Apr 1, 2015
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"When comparing bond length; double bonds with resonance are not true double bonds." Does this means that double bonds with resonance will have longer or shorter bonds than an alkene with no resonance?

Also, for 2015 version number 94 (or go) can anyone explain this mechanism? I am confused why C6H5Li will remove a proton and how does an alkene form at the end!?
 

FloorMatt

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Double bonds with resonance is like having a bond length between a double bond and a single bond, or 1.5 bonds is how I think of it. So it is shorter than a single bond but longer than a double bond. Sp3>sp2 (resonance) > sp2 ---- with sp2 the shortest.

The next problem is hard to explain but you may want to look up ylide formation and wittig reaction because thats what that is. Sorry I can't be much help on that maybe someone else will give it a shot.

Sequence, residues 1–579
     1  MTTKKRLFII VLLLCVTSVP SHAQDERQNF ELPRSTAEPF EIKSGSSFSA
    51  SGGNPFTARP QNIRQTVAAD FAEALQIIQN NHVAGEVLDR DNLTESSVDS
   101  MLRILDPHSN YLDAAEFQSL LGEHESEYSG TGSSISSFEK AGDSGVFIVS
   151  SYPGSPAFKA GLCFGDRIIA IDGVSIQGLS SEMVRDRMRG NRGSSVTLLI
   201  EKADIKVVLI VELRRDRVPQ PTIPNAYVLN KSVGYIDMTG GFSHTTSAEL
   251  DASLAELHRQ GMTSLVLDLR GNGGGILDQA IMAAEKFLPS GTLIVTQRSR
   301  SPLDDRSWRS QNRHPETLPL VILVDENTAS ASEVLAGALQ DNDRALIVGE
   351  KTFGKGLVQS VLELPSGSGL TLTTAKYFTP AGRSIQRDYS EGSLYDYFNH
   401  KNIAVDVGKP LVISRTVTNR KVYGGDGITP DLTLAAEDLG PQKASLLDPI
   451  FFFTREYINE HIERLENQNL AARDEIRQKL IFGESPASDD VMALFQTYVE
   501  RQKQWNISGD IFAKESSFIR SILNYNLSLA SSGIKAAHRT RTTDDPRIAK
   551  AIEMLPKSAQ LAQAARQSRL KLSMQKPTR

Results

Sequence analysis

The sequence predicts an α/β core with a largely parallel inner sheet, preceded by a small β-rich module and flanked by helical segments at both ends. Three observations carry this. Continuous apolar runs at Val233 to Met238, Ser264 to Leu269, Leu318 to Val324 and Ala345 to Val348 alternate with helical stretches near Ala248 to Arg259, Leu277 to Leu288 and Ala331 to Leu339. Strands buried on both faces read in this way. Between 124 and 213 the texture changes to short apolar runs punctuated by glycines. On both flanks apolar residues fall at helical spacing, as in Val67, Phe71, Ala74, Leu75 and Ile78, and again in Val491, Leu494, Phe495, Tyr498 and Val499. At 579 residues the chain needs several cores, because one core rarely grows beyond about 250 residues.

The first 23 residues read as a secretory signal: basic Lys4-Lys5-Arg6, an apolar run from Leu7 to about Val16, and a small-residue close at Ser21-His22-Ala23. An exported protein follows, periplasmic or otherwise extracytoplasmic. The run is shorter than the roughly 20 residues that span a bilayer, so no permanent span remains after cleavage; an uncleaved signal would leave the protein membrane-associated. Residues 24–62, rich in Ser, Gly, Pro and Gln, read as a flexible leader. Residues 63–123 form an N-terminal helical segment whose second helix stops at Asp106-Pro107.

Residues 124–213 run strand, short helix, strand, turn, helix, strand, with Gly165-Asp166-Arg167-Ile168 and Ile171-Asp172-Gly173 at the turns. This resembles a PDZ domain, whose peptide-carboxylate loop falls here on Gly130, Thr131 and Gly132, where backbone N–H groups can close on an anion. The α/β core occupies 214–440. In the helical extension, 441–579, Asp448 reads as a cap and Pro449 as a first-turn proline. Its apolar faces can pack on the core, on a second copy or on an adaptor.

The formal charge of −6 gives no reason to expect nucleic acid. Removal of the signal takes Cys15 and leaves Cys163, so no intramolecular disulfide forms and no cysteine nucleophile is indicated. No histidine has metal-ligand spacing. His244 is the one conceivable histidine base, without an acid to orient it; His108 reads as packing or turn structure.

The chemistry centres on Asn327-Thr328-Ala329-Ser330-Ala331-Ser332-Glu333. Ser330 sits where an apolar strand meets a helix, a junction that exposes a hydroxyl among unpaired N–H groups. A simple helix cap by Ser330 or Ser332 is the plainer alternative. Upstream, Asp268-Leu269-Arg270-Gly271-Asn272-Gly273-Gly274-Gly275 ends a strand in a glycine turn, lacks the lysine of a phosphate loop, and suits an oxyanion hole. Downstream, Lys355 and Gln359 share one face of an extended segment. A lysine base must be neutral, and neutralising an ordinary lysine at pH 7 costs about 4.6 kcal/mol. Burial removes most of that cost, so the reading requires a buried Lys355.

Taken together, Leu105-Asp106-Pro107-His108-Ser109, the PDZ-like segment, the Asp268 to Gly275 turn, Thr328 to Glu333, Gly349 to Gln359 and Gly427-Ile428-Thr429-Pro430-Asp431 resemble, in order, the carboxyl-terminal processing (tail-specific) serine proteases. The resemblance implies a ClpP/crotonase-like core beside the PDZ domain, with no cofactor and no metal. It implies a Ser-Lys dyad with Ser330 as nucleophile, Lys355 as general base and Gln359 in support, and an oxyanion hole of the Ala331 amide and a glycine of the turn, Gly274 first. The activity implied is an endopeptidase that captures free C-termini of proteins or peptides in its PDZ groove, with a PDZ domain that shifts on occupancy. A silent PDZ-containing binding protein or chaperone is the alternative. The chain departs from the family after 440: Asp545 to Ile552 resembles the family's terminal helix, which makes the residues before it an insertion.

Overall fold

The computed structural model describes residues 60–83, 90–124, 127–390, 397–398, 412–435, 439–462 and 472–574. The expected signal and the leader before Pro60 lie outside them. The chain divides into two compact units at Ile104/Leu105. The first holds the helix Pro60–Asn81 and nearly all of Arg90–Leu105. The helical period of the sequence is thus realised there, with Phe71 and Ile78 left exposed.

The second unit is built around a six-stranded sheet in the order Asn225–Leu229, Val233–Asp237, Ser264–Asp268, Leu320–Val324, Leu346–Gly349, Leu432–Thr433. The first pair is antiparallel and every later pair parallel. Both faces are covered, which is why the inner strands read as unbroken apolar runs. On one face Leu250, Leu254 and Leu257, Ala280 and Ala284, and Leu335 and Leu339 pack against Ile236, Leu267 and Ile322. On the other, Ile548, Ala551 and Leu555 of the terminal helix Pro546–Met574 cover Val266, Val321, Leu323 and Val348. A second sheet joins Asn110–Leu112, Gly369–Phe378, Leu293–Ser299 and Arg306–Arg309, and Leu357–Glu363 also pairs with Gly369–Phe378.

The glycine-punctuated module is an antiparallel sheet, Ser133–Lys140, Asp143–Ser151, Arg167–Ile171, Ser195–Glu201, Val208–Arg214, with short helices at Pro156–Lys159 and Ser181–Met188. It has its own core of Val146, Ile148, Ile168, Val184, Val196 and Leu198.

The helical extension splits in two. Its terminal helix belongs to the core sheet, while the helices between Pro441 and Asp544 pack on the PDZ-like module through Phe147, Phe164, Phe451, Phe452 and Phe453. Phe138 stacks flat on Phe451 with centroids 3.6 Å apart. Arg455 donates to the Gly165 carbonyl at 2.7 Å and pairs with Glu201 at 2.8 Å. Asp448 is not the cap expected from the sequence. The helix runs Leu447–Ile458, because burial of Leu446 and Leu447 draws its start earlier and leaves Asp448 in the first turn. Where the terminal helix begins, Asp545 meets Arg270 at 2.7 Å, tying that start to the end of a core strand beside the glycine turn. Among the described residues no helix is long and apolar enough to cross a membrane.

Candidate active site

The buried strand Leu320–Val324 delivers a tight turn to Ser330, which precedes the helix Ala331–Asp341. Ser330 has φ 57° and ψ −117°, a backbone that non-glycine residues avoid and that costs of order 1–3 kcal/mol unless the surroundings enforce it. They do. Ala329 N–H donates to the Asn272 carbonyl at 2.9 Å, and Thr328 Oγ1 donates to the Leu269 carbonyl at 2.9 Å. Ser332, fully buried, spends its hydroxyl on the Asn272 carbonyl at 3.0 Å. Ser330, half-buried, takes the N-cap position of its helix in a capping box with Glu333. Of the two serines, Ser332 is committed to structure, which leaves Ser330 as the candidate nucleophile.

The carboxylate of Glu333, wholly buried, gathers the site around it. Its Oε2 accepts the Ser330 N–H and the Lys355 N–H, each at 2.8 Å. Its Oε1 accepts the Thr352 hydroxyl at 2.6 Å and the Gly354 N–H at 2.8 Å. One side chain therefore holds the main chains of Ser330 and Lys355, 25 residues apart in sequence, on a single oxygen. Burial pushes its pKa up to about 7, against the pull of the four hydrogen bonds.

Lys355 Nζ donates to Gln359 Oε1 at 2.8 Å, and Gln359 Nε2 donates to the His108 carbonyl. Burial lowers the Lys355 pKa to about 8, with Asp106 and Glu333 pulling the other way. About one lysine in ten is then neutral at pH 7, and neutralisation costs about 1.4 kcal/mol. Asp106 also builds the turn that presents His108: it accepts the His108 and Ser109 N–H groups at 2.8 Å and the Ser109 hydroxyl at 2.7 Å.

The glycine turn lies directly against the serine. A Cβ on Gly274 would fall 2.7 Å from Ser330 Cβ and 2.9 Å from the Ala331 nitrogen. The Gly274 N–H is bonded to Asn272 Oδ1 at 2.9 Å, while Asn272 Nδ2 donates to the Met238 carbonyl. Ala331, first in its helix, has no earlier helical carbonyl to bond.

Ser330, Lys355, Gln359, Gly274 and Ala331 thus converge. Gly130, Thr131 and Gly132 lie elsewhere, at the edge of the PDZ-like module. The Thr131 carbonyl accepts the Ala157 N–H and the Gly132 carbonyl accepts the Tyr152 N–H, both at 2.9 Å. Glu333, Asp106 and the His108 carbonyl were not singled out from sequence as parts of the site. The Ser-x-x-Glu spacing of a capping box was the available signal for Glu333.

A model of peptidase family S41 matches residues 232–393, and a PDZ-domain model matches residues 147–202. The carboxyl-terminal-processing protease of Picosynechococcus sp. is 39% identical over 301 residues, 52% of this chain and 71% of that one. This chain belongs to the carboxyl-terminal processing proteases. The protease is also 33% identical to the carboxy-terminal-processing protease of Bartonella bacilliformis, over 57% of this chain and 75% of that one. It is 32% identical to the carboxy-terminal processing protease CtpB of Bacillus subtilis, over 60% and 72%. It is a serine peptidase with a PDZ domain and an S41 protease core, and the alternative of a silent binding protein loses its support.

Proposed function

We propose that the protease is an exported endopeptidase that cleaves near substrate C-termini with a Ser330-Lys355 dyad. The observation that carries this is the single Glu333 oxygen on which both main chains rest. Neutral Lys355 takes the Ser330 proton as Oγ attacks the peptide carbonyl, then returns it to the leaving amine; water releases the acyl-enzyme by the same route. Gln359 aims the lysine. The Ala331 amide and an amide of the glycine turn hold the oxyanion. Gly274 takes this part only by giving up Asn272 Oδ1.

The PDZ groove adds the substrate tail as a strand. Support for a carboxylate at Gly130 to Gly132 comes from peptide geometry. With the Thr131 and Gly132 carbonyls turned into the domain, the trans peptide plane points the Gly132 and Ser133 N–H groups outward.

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Endeross

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"When comparing bond length; double bonds with resonance are not true double bonds." Does this means that double bonds with resonance will have longer or shorter bonds than an alkene with no resonance?

Also, for 2015 version number 94 (or go) can anyone explain this mechanism? I am confused why C6H5Li will remove a proton and how does an alkene form at the end!?
The lithium is an ionic bond to the c6h5, it essentially stabilizes the carbocation. In the reaction the carbocation steals the hydrogen so that it can become a more stable species which forms the carbanion which is stabilized by the positive phosphorus. Definitely look at Graffix's link you can see the mechanism for it especially under the deprotonation step for mechanism of ylide formation
 
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